OSPF performance/SPF calculations
joakim.tjernlund at transmode.se
Fri Apr 23 08:13:44 CEST 2010
> Ondrej Zajicek <santiago at crfreenet.org> wrote on 2010/04/21 20:15:07:
> > On Wed, Apr 21, 2010 at 09:41:47AM +0200, Joakim Tjernlund wrote:
> > > I am using Quagga ATM but I had a quick look at BIRD and I got a few
> > > observations.
> > Hello. Thank you for your tips and notes.
> > > The LSA/checksum code seem very inefficient.
> > > LSAs are built allocating/reallocing bits
> > > of memory. This is slow and will case memory fragmentation.
> > You mean lsab_alloc() in originate_rt_lsa_body()?
> > This allocation is just a sequential allocation in a persistent memory buffer,
> > therefore it is very efficient (in most cases just increase of lsab_used counter)
> > and there si no memory fragmentation (all is done inside a persistent memory buffer).
> Yes, you do realloc on small amounts of memory. Also, receives LSAs
> seems to be impl. differently so you need handle these somewhat
> > > The fletcher checksum is very slow as it has extra tests in the hot path and also
> > > flips endian in the LSA back and forth.
> > Do you have some suggestions for a better algorithm, or just a better
> > implementation? Yes, the problem with flipping endianity is known.
> > I do not studied this part of the code yet (the checksum algorithm).
> Yes, but not at the moment. The endian problem should be addressed when you
> build the lsa.
> > > I can't work out how the SPF next hop works(calc_next_hop). I tried to
> compare it with
> > > Quagga's ospf_nexthop_calculation() but the structure is too different. The reason
> > > for me looking into this was to see how much work it would be to add
> > unnumbered ppp links
> > > but as I can't work out how nexthop is working I didn't get very far.
> > The current code is different from what RFC says. For direct neighbors
> > (on both ptp and non-ptp networks), we just use IP address taken from
> > the source address of the HELLO packet of the neighbor (stored in
> > neighbor structure returned by find_neigh_noifa()).
> > This works well [*] for both broadcast and ptp links (numbered or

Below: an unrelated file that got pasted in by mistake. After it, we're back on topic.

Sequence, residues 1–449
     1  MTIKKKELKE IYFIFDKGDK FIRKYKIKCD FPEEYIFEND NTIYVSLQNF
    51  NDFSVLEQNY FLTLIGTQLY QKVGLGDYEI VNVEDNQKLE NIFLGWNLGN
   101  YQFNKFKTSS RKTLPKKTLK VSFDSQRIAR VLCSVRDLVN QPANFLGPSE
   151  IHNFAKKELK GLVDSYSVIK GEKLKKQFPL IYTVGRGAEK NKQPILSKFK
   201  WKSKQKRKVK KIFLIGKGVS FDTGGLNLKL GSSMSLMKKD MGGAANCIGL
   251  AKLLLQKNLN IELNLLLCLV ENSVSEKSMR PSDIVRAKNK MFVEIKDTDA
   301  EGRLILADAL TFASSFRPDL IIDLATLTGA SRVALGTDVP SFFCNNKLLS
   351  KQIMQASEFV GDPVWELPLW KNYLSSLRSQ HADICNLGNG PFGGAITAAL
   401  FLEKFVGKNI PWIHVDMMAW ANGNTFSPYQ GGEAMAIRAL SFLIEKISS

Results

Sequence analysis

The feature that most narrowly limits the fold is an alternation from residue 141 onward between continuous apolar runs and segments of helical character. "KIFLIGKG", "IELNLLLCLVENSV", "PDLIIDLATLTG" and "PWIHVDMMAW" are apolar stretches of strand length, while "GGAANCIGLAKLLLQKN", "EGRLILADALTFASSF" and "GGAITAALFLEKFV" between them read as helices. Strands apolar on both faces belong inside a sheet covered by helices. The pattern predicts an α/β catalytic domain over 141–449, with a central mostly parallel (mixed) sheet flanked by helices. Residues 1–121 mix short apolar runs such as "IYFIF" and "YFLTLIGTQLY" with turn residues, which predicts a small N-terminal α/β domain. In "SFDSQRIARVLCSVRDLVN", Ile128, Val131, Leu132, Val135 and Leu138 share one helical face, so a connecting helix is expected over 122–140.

> > unnumbered), but is broken on NBMA networks. I have some not-yet-commited
> > changes to calc_next_hop() that on broadcast and NBMA networks uses the
> > standard way (taking IP address from the router LSA) and the source address
> > from HELLO packet as a nexthop is used just for PTP links.
> > Such behavior is also suggested by RFC 5340 (for OSFPv3).
> > [*] Regardless of how the other side is implemented.
> > > I have impl. unnumbered ppp link for Quagga that works really well but this work
> > > hasn't been accepted into Quagga yet since Quagga development has stalled.
> > > I could show you how I did it Quagga though.
> > The development state of Quagga is sad. Do you implement it in a different
> > way than in BIRD? I wonder whether there is any other possible way to get
> > next hop address for unnumbered ptp links than from source address
> > of HELLO packet.
> Yep, now it gets tricky. It took me quite some time to figure out what to
> do. The secret is that you never use search for the interface using IP addresses
> in the LSA's. Instead you record what interface created what entry in in your
> own Router LSA. Based on the position of on entry in your own router
> LSA you can lookup the interface that created that entry. Once
> you know the interface, the reset is easy.
> One way to impl. this is to build an array of interface pointers when
> you construct the Router LSA:
> RLSA Array
> Item 0 ptr to ppp0
> Item 1 ptr to ppp0
> Item 2 ptr to eth0
> Item n ptr to if n
> Now you can easily find the interface if you pass on the position of the
> the entry in the RLSA you are processing to the nexthop calculation.
> I have a few patches to Quagga that does this somewhere, they are all
> on the Quagga mailing list and a few of them are also in my personal
> git repo at the Quagga site.
Found two different impl. I did for Quagga. Figured you could use
them to get an idea.
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